BBC News

Families skimp on heat to meet housing costs, says Shelter

image copyrightGetty Images
image captionMore than a quarter of families polled said they skimped on winter clothing and fuel to pay housing costs

High rents and mortgages in England mean too many families are skimping on heating and winter clothes to make ends meet, says housing charity Shelter.

More than a quarter (27%) of 853 parents of under-18s said they had cut winter spending to meet housing costs.

And 10% told researchers they feared being unable to pay rents or mortgages in January.

The government said its work to tackle the deficit was helping more people stay in their homes.

A shortage of affordable homes has left families struggling with sky-high housing costs, says the charity, while last year more than 100,000 people phoned its helpline for housing debt advice.

Families struggling with housing costs are advised to:

  • seek advice as early as possible to avoid eviction
  • prioritise mortgage or rent payments, ahead of credit card or payday loan debts
  • seek early help from mortgage lenders
  • seek help with rent arrears and investigate claiming housing benefit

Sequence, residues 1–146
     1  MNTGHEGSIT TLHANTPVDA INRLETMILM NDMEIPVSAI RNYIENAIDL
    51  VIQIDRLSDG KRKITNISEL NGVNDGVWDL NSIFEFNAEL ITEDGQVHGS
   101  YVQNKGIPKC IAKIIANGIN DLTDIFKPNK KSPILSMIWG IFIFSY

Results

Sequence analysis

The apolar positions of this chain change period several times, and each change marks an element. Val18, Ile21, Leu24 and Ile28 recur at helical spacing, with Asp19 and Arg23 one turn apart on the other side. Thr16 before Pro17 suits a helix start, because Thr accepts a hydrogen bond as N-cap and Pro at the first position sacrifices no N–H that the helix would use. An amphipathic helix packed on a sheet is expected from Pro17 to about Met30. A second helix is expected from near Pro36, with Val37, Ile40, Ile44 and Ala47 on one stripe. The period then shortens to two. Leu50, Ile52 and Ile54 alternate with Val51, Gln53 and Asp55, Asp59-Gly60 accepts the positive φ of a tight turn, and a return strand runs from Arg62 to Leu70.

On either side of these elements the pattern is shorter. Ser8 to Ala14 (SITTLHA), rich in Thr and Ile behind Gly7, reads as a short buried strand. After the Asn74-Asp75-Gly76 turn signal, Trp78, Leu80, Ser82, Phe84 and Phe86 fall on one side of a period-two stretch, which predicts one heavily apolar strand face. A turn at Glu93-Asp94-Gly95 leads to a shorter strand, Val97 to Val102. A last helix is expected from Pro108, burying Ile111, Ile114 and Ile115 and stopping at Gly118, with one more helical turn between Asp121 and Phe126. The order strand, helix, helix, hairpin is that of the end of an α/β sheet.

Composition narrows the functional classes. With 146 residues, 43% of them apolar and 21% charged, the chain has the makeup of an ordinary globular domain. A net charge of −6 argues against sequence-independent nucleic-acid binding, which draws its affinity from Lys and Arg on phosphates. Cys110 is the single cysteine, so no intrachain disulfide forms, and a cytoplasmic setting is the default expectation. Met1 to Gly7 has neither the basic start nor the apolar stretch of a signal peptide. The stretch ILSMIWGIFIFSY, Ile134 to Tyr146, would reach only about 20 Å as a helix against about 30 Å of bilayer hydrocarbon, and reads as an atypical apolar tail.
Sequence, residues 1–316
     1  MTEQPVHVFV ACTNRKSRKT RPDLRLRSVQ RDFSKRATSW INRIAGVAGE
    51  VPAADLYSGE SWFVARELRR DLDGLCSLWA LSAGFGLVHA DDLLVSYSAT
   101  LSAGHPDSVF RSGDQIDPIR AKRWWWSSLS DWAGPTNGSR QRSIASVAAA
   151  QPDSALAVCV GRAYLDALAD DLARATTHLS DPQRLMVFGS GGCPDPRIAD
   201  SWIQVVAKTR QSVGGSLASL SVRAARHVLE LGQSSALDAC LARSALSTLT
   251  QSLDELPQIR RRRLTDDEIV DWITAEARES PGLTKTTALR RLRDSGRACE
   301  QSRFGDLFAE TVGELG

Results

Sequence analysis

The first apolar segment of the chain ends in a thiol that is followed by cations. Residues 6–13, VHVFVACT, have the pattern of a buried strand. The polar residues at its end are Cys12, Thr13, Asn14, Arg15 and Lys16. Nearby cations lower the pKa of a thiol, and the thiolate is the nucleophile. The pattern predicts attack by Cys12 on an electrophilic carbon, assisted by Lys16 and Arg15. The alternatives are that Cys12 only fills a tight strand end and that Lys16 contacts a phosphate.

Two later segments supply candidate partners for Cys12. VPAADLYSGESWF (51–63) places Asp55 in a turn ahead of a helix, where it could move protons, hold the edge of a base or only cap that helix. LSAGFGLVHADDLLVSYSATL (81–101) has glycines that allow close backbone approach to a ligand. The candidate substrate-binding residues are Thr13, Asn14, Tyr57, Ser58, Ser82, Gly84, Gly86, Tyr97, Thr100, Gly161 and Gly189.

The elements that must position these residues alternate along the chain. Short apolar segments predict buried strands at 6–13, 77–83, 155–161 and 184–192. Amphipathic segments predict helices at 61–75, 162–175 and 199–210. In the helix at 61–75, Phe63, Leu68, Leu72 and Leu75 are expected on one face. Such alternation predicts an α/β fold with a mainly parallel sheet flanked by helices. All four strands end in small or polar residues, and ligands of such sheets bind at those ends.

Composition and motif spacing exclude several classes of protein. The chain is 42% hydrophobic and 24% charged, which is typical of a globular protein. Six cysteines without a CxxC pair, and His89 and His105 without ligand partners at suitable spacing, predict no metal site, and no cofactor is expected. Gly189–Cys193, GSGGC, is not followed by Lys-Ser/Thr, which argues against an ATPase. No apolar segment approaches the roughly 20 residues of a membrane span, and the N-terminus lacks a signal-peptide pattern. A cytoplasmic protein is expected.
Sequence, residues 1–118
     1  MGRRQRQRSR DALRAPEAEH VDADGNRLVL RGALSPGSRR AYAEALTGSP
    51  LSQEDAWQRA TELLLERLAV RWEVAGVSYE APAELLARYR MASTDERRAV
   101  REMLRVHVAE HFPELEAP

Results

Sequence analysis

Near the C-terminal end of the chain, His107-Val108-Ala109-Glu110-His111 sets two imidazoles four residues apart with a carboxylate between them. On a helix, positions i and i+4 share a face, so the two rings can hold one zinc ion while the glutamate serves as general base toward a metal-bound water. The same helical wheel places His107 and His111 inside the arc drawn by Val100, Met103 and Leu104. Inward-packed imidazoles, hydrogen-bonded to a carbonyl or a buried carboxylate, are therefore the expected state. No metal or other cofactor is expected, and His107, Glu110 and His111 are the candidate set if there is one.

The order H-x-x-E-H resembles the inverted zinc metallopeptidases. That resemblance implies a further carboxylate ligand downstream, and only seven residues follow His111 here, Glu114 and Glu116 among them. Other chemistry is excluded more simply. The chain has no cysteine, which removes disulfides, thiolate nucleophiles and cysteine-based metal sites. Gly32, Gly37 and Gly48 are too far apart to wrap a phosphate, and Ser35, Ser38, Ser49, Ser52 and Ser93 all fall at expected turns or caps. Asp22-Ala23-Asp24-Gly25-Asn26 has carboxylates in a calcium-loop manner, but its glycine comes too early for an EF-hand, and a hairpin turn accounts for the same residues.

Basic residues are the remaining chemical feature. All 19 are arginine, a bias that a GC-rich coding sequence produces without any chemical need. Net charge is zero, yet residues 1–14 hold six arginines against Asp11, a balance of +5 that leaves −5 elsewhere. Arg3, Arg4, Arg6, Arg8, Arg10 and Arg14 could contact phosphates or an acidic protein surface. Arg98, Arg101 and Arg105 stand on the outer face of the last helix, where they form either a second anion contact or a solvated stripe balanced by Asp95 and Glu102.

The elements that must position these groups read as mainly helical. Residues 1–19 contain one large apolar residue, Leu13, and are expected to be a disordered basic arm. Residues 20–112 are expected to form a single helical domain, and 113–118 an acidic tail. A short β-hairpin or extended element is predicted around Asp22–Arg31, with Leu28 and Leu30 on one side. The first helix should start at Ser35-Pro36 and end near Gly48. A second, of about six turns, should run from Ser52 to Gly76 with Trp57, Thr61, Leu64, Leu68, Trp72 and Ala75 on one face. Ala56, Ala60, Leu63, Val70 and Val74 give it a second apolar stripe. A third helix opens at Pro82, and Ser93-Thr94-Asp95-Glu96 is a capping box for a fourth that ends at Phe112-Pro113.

• respond promptly to calls and letters and keep notes of conversations.

"We cut back on everything to pay the rent, including food," said Michelle, a mother from Cambridge.

Her husband Kevin, a builder, became self-employed last year and is now paid weekly.

The change in circumstances means the family are already in arrears on their rent to a private landlord and council tax.

They fear missing more payments could put them at risk of eviction.

Some 15% of the parents interviewed also said they had to economise on Christmas food and gifts.

"Even though my husband works as many hours as he can, it's constantly hand to mouth," said Michelle, a student midwife.

"When the children are at school, the heating isn't on at all, and over Christmas we had to cut back on presents and clothing," she added.

'Hard-earned homes'

A Department for Communities and Local Government spokesman said: "The reality is mortgage repossession claims continue to fall and are their lowest since 1987.

"This is thanks to our work to tackle the deficit and keep interest rates low, helping more families to stay in their hard-earned homes.

"We've introduced measures to ensure tenants get a fair deal and are aware of their rights. We've also doubled the housing budget to deliver over 400,000 affordable homes and the number of new homes is up 25% in the last year."

The survey of a representative and weighted sample of adults was carried out online by YouGov late last year.

Related Topics

  • Family
  • Homelessness
  • Mortgages
  • Children
  • Poverty

More on this story

  • Spare bedroom welfare changes 'fail to free up homes'